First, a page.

Invisible Boy: A Memoir of Self-Discovery

Journalist Harrison Mooney shares his personal experience as a young Black child growing up with his
white, Christian, evangelical family in the memoir “Invisible Boy.”

Mooney won the Kobo Emerging Writer Prize for nonfiction in 2023 for the book that documents his
experiences of being raised in a strict Christian family, surrounded by almost no one who looked like
him. He dives deep into his relationship with his family and the struggles he has in understanding where
he fits into the world and his family. This means breaking through history, biblical teachings and his own
personal narrative to discover the unvarnished truth about racism, saviorism, adoption and more.

Mooney finds himself profoundly impacted with many mixed emotions as he begins to study the works
of other Black authors. In particular, James Baldwin’s “The Fire Next Time” set his mind ablaze with the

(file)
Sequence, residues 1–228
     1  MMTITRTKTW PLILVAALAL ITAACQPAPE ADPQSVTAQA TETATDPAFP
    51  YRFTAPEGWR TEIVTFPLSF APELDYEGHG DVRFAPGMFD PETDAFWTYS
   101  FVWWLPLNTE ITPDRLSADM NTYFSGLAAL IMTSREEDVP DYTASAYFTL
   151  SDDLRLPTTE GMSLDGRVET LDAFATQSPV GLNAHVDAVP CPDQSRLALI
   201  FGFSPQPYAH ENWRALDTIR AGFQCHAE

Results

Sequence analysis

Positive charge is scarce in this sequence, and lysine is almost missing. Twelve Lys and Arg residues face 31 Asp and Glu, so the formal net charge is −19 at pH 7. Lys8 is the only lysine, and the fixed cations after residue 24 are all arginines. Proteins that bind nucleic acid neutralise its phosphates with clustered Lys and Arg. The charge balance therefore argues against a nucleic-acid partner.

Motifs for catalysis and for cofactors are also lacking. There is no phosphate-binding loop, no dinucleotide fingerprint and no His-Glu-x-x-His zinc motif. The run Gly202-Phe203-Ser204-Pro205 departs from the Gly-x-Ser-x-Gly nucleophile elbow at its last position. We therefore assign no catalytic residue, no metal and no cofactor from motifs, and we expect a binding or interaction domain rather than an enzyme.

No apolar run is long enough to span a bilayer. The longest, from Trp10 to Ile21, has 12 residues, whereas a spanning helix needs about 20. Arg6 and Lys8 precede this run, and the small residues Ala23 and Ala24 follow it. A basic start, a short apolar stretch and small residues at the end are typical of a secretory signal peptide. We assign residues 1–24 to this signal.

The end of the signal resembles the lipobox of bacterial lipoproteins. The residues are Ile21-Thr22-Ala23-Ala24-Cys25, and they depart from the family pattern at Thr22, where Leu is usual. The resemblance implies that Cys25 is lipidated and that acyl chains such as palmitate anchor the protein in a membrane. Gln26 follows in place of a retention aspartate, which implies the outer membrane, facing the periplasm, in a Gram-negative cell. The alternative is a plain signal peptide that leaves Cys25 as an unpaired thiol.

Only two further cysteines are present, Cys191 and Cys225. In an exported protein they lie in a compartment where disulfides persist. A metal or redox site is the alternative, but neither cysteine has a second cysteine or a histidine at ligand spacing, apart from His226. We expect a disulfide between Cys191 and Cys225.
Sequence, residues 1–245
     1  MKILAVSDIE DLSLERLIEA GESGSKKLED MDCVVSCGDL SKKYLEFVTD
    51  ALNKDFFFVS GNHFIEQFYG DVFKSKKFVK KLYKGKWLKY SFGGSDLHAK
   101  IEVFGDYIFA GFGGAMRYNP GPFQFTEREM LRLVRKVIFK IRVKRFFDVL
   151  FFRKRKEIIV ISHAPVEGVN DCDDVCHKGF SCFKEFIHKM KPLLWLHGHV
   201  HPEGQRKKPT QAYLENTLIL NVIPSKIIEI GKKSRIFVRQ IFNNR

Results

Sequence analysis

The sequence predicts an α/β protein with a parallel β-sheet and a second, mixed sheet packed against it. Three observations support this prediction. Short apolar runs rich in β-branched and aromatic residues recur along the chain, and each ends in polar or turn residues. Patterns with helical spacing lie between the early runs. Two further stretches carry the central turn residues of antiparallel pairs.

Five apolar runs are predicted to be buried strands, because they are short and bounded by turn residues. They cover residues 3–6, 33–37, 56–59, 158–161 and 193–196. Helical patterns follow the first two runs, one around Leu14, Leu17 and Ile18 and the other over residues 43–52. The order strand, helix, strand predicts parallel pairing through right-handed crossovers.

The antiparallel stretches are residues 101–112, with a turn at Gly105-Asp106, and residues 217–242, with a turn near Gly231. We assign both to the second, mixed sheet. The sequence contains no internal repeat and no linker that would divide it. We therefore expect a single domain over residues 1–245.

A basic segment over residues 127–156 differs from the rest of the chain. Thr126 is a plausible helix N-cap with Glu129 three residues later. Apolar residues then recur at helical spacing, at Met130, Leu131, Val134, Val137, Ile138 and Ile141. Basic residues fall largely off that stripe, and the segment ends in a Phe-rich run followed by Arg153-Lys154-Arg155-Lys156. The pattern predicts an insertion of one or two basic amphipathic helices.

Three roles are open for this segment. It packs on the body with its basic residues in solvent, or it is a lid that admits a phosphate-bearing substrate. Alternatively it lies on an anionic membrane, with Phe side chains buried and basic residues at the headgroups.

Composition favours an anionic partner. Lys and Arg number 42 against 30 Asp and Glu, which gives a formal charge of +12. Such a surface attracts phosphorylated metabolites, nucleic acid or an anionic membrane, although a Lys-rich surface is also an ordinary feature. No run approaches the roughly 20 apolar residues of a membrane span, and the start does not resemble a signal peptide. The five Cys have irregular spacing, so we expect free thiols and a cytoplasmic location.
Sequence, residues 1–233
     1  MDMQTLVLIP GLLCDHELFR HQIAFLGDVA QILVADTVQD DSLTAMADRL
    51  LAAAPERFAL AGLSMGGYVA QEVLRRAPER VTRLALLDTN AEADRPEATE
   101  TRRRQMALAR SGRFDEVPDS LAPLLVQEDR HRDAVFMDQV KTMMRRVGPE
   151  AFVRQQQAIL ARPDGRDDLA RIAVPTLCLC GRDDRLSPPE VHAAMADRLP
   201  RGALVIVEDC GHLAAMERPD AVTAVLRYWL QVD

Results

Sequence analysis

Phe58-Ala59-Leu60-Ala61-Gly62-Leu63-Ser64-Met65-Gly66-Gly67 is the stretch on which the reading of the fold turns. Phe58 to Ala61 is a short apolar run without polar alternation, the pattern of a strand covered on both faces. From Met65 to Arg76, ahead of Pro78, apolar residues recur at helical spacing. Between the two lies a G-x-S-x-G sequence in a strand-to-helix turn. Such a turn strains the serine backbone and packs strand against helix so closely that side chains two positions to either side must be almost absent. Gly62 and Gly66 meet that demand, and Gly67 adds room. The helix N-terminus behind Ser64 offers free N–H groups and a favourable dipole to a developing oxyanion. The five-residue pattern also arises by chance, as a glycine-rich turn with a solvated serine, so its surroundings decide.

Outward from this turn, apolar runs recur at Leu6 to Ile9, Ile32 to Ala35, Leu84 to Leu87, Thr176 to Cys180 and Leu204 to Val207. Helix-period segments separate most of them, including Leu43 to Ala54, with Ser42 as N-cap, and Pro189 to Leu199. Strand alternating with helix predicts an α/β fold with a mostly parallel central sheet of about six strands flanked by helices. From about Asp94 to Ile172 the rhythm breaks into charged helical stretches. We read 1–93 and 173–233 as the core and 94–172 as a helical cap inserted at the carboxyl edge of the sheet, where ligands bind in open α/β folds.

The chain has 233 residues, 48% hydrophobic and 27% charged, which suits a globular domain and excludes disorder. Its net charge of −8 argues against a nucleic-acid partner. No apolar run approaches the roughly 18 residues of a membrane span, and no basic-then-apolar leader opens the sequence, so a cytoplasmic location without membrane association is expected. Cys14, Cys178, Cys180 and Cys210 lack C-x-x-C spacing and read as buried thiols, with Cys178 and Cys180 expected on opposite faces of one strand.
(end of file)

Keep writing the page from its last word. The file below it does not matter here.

statement, “You were born where you were born and faced the future that you faced because you were
Black and for no other reason.” In that one sentence, Mooney begins to understand all of the factors
that fell into place, leading to his relinquishment and subsequent adoption by a white Canadian couple.

As his studies begin to uncover many truths for Mooney, he seeks to find his birth parents. This is where
Mooney chooses to end the book, when he is in his early 20s, meeting his birth mother for the first time.
It leaves many questions unanswered, such as how his relationship is with both his adoptive and birth
parents today, but that’s probably because many of us seek the happy ending of the book. And in
reality, for a lot of adoptees there isn’t necessarily a happy ending, just living in the in-between, trying to
determine who you are in the reality that was dealt to you.

“Invisible Boy” is a well-written book that pushes against the mainstream narratives and uncovers some
of the uglier sides of foster care and adoption. It won’t necessarily be an easy book to read for some
foster and adoptive parents, but for those parenting children of a different race than their own,
“Invisible Boy” is an eye-opening and thought-provoking piece of work.

“Invisible Boy: A memoir of self-discovery”
By Harrison Mooney
Steerforth Press, 2022, ISBN: 978-1-58642-346-9, 310 pages, $18.95

— Reviewed by Kim Phagan-Hansel